As if the recession had not given community college advocates enough to worry about, some fear that the anti-tax sentiment stirred by Tea Party activists could endanger their federal, state and local funding.
One Tea Party group in New Jersey is questioning Warren County Community College’s plans to open a satellite campus, meant to accommodate the institution’s burgeoning enrollment in outlying areas and free up space on its main campus. As required by New Jersey law, half of the $7.3 million bond to buy and renovate a commercial building for the new campus would be paid from an existing pool of state funds. The remainder, officials say, would be paid for by leasing additional space in the renovated building to interested tenants.
Though the plan for the new facility would not raise taxes or pass along any extra costs to area residents, some activists are still questioning the move, arguing that the college should simply expand its existing campus and that outlying students should make the drive if they want to attend classes.
Money “doesn’t grow on trees,” John Clemmer, founder of the Warren County NJ Tea Party Patriots, told The Express-Times, a local newspaper.“We don’t print money. It’s our money, no matter what you’re talking about doing.”
The argument in New Jersey has some national community college leaders taking notice of the Tea Party’s potential impact on community college funding -- although dealing with anti-tax groups and advocates for restricted government spending is not a new task for many educators.
“The Tea Party is doing what many taxpayers’ associations have done in the past, questioning every use of taxpayers’ dollars” said George Boggs, president of the American Association of Community Colleges. “When I was a [community college] president in California, there were always taxpayers’ groups questioning the approval of bonds and other measures. They wanted to be convinced that these projects were worth it, wondering if sufficient numbers of students would be served by expansion and if it would help the local economy.”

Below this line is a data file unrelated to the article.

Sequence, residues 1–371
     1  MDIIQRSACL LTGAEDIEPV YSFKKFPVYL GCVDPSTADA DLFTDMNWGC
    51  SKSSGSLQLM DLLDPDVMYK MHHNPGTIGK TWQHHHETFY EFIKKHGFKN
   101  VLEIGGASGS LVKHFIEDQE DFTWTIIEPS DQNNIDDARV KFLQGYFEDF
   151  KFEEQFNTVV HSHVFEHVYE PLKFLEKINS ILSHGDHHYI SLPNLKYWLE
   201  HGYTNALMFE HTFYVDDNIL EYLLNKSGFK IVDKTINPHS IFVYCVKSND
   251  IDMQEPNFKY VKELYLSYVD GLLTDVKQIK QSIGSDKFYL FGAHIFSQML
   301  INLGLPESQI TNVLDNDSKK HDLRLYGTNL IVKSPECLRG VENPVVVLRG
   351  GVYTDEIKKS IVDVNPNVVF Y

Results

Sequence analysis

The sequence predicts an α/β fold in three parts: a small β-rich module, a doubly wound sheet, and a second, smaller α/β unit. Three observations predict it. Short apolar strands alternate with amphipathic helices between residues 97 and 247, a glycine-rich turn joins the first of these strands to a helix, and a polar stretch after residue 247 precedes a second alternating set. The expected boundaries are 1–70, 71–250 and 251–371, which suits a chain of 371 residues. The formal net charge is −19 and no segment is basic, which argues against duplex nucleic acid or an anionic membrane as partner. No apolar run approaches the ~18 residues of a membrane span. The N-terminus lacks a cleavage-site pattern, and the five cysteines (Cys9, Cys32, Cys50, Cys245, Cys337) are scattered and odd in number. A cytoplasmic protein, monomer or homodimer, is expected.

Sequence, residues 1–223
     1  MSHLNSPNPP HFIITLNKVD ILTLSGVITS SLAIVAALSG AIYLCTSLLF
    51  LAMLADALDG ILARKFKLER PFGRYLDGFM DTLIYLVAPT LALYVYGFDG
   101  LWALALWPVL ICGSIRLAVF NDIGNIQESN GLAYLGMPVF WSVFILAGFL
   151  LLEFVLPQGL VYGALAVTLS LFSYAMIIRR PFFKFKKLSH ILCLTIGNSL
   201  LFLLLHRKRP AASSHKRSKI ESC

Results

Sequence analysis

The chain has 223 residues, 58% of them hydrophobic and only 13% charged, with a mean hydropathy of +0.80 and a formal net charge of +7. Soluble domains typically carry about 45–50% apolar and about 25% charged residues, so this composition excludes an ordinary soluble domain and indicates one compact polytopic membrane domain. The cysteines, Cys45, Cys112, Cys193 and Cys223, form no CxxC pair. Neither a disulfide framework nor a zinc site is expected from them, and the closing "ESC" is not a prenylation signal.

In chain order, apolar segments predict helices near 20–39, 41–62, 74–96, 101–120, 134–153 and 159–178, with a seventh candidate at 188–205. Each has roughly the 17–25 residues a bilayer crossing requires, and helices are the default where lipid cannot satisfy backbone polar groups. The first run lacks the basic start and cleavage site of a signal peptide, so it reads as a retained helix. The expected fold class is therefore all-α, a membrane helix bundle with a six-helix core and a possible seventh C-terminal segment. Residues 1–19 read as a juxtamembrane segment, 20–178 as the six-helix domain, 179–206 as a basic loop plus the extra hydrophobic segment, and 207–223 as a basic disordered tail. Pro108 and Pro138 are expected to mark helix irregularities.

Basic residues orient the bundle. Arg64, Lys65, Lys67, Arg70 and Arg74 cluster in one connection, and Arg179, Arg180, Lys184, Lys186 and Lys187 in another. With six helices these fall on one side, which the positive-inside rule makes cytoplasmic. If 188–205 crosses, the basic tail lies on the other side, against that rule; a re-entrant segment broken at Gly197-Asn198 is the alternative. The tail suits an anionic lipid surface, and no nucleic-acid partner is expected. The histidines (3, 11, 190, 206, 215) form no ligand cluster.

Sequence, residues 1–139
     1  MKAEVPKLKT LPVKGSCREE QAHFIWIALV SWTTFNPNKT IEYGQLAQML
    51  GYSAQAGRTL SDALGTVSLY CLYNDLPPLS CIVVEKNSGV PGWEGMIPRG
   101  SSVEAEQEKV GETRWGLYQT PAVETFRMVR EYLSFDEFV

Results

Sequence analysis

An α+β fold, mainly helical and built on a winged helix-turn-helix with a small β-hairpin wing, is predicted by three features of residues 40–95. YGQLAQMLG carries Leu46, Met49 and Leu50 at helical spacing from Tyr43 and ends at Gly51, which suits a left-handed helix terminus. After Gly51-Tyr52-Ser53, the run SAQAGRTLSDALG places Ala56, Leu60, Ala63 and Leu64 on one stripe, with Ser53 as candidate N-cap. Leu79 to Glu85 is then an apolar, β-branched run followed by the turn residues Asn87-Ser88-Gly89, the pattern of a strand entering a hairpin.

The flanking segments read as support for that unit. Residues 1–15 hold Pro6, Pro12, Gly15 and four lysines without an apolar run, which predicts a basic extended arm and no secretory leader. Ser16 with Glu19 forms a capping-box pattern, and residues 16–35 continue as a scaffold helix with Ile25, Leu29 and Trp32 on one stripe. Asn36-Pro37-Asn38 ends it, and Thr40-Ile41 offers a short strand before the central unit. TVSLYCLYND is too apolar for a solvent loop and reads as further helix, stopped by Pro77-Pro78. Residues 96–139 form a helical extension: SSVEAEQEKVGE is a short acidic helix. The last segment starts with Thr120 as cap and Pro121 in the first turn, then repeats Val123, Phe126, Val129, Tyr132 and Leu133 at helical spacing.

In campaigns for bond referendums as president of Palomar Community College, Boggs said, he often reached out to taxpayer watchdog groups, offering economic impact data and other statistics to win their confidence that the spending was worthwhile. He encouraged community college officials and Tea Party activists to take a similar approach if their thoughts differ on education and facilities spending.
“The anti-tax movement has become more prominent nationally, as many states are trying to close gaps in their budgets,” Boggs said. “There are two ways to do this: one is to reduce spending, and the other is to raise taxes. The latter has caused groups like the Tea Party to oppose taxes, and they are usually more in favor of cutting services. I just hope, as states work through these budget shortfalls, they are able to preserve the right kinds of services.”
Other community college scholars agree that managing the anti-tax movement and combating public misunderstandings about two-year institutions are parts of a continuing battle that predates the emergence of the Tea Party movement.
“There’s a lack of a coherent level of understanding about the levels of funding community colleges receive and the value of these institutions,” said Davis Jenkins, a senior researcher at the Community College Research Center at Columbia University’s Teachers College. “It threatens cuts at all levels. We need to highlight these institutions and what they mean for people locally and for the economy.”
Many community colleges are funded primarily by tuition dollars, alongside supplemental state appropriations and local property tax levies. But in some states, like California, community colleges are precluded from taxing their district residents and rely solely on state funding, which has dwindled in many states amid the financial crisis.
As for the Tea Party’s potential impact on the two-year sector, some leaders note that recent history has in fact seen strong public support for their institutions.
“While it might be easy to assume that [community college] tax referenda, etc., get caught up in the general resistance to new taxes or increased taxes, this is not always the case,” wrote J. Noah Brown, president of the Association of Community College Trustees, in an e-mail. “Many [community colleges] have successfully won bond referenda and millage increases, even in tough economic times.”
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